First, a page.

Synergy is key in the philanthropic world. I am regularly meeting with leaders of non-profits, pro-Israel activists, other donors, and other members of our community to personally have a clear and high-level understanding of what exactly is happening around the world in the communities I care about. That personal touch goes a long way—whether I’m speaking at an event, at a dinner party, or on a conference call—to bring our community together and achieve the goals of my foundation.

What is the toughest decision you’ve had to make in the last few months?

It is always a tough decision to decide who to award grants to through the Adam and Gila Milstein Family Foundation. I am always amazed at the various groups and the ideas that they have. Sometimes it is challenging to decide who to support. But this is a good problem to have!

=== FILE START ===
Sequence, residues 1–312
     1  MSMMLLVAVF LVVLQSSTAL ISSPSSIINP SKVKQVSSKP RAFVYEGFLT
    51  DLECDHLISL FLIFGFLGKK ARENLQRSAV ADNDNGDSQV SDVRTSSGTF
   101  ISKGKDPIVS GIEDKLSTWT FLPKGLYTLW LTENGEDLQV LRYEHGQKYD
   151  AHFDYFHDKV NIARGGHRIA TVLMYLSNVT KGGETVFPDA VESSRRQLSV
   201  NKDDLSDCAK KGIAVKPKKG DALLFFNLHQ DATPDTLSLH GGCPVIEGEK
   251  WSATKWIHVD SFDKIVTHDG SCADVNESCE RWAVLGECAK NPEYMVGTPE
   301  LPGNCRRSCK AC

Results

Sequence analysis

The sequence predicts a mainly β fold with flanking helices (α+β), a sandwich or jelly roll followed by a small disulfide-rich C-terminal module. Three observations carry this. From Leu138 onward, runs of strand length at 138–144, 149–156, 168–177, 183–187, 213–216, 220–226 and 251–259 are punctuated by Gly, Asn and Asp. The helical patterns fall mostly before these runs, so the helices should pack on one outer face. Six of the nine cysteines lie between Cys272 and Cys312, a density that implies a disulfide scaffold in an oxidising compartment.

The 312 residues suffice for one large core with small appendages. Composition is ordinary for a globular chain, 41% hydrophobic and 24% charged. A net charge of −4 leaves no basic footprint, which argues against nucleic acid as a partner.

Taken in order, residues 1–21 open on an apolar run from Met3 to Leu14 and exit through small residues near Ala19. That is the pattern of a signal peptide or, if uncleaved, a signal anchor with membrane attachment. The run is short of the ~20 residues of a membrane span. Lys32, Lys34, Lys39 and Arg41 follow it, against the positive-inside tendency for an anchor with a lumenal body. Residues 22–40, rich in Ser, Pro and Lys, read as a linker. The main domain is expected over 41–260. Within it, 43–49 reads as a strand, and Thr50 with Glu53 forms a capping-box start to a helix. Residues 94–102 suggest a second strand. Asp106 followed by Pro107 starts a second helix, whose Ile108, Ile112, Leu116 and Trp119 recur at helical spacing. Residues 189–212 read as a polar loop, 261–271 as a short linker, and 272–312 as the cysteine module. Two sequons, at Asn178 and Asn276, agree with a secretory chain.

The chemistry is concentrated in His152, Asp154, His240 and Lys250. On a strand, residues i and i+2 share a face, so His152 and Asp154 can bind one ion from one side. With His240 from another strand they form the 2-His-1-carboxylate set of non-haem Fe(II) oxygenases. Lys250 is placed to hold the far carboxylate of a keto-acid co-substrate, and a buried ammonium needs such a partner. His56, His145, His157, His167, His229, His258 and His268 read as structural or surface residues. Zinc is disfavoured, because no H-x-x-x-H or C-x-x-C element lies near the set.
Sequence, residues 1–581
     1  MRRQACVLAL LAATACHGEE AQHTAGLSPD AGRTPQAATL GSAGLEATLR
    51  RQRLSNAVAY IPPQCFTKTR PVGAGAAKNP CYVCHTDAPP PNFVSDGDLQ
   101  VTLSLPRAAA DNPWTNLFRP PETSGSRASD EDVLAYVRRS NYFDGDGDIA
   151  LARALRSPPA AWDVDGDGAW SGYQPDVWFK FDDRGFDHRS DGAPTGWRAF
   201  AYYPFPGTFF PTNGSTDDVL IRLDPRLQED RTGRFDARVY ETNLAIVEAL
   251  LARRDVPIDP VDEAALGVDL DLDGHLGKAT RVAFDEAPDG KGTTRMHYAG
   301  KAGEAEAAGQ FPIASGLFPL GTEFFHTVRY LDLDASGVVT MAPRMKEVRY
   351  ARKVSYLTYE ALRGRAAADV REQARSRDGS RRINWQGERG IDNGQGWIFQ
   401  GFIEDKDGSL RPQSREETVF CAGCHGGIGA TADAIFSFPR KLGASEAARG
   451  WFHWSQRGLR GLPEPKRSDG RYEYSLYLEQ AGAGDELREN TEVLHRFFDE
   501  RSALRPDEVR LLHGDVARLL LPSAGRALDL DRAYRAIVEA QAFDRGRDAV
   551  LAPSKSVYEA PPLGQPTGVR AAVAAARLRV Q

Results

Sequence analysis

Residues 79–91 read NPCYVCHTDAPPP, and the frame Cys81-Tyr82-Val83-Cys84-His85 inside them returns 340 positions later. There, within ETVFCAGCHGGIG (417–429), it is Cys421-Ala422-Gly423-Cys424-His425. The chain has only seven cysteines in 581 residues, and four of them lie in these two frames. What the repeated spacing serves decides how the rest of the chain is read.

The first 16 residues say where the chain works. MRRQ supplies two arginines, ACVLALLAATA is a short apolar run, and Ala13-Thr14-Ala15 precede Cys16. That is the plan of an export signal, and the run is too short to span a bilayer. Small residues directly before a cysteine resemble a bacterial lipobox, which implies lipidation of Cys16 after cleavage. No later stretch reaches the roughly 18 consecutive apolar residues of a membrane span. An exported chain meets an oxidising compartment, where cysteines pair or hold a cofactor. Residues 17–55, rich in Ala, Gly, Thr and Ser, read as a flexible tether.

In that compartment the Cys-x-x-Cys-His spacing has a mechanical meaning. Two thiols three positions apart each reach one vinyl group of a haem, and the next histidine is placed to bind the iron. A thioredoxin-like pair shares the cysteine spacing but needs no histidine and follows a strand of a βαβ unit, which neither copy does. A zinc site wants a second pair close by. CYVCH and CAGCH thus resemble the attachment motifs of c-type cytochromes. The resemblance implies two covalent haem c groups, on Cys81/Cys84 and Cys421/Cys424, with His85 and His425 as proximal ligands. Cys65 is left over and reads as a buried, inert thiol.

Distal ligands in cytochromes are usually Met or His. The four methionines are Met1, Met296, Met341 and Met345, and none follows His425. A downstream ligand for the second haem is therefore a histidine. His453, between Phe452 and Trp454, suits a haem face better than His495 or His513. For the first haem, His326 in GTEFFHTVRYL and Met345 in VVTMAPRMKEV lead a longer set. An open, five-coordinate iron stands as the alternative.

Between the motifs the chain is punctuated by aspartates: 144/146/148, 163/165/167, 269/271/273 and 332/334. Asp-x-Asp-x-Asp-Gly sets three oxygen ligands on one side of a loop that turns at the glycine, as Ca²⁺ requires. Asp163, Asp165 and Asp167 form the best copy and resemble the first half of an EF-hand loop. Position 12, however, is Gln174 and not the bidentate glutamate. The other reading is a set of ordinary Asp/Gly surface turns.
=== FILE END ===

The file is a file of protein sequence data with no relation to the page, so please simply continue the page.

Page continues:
What do you think it is that makes you successful?

I am self-motivated. And I think that is because I have purpose and passion in life. When you believe strongly in what you do, and you have self-discipline, success comes naturally.

What has been your most satisfying moment as a philanthropist?

The formation and success of the Israeli American Coalition (IAC) has to be my most satisfying venture. It is now the fastest growing Jewish organization in the United States and it is continuously helping connect the next generation of Israeli-Americans to their heritage. I am very proud of this.

What does the future hold for your business? What are you most excited about?